From Dying to Thriving through ‘Fooducation’

Appeared in Brownsville Herarld and Valley Morning Star on March 3rd, 2013

By Lisa Mitchell-Bennett

Lebby Salinas was lying in a hospital bed contemplating her death. “I knew I had to die sometime, but I wasn’t ready with my daughter still so young. At that moment I felt a peace come over me—it was God’s way of telling me my daughter would be okay. But I begged to at least know what had caused my illness.  I also knew then and there if I lived, I would spend the rest of my life giving back to the world.”

Lebby had already spent several years and tens of thousands of dollars trying to figure out what was wrong with her—why she was wasting away and not able to eat and why her immune system was destroyed and she was so very sick. “I recovered enough to leave the hospital and set out on a quest to heal myself, since the health care system hadn’t been able to do it for me. I really had no other choice—I didn’t have the resources or energy to deal with another doctor or hospital.”

In her quest to heal herself,  she stumbled across a lot information.  “I read and researched about food and nutrition since food seemed to be my nemesis. It was eye-opening! The doctors had told me I didn’t have celiac disease, but what I discovered on my own was that I do have a gluten sensitivity and food allergies.”

As Lebby explored the connection between food and her health, she realized that eating real food, grown in the earth, not over processed or genetically modified, was making her better. “I had to rethink food. As I healed, people started asking me about what I was eating and I realized there was a great need for “fooducation” here in the Valley. I went from dying to thriving by just changing what I eat, and what I don’t eat. It was so powerful that I had doctors calling me to find out what was working so well.  People who knew me before, during and after my illness would come to me for nutritional advice, so I decided I better become officially trained and certified as a health coach.

“I’m also involved with the Historic Cine Rey (movie theater) Foundation, so last January I decided to show some movies about food and nutrition at the theater. The Valley had just made news for being fattest in the country. So I decided we needed to make the news again, but this time because we are doing something about obesity!”  The movie series aired “The Weight of the Nation” and other documentary style films addressing the obesity crisis and enlightening the public about what they are really eating.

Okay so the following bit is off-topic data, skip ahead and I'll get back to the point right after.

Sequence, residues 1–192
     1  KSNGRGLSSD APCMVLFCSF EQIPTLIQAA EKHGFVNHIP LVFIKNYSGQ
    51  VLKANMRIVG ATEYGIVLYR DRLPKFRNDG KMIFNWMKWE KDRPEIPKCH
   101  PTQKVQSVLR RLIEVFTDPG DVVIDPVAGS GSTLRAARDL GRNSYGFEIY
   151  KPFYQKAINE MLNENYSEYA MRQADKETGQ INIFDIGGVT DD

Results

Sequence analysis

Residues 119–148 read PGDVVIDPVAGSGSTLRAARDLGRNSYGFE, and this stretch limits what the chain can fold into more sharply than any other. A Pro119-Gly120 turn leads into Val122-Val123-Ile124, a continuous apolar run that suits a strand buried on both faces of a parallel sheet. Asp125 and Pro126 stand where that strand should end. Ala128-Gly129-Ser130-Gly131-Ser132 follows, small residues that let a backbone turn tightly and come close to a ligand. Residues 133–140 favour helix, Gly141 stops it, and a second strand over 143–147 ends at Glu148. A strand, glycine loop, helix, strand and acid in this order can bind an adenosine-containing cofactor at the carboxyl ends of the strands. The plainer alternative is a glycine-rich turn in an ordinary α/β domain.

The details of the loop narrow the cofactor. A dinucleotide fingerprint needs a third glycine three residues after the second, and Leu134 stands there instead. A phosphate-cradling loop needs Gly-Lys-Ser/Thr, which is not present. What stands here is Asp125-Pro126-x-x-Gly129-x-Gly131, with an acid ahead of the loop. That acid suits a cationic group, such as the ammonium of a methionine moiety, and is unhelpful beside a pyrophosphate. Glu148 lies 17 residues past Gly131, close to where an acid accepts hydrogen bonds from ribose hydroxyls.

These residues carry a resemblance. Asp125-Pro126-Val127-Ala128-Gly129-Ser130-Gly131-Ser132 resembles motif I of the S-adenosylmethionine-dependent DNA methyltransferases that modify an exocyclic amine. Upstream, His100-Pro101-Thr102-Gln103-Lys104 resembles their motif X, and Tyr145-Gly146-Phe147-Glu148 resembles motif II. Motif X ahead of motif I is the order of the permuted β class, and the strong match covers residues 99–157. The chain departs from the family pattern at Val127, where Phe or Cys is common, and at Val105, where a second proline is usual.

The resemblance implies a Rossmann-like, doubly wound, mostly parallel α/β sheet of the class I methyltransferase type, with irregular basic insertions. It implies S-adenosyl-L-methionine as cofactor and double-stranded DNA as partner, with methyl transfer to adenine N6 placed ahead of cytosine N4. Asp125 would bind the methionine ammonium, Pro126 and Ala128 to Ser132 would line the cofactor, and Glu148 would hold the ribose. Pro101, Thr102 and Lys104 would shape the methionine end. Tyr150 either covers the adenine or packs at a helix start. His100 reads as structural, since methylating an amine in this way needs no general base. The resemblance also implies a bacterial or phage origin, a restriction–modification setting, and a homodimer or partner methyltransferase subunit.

“Through the movie series, which has now expanded to Brownsville, I’ve connected with so many groups working on the issue of health and nutrition. I have been able to connect with individuals who are desperate to be part of a new movement that focuses on sustainable living, like growing our food locally, supporting community gardens, farmers markets, and educating our children so they know how to eat real food. Exercise is important, but if the real issue is to improve our health, the emphasis needs to be on the food we eat.”

Salinas worries that people are full of so many toxins, msg, and carcinogenic chemicals, and they don’t even realize it. “Then they get sick and take all this medicine, making the problem worse.”

Salinas, who has a marketing background, has grown her Fooducation movement on a shoestring budget. “I am lucky that social media and several organizations have helped me get the word out. I am now making a series of teaching videos, cooking classes and always involved in community events and programs that promote wellness.”Salinas went from dying to thriving and her enthusiasm to share healthy food and information is contagious!

In McAllen the movies are now aired the second Saturday of the month at the new Library. In Brownsville, Fooducation movies and discussion take place the third Saturday of the month at the Brownsville Historic Museum, at 1:00 pm after the Farmers Market closes. For more information go to the Fooducation website at

Through the entertainment of film Salinas believes she can engage and educate. She is reaching her goal to have a stronger impact on her community, because she knows that Tu Salud ¡Si Cuenta! (Your Health Matters!)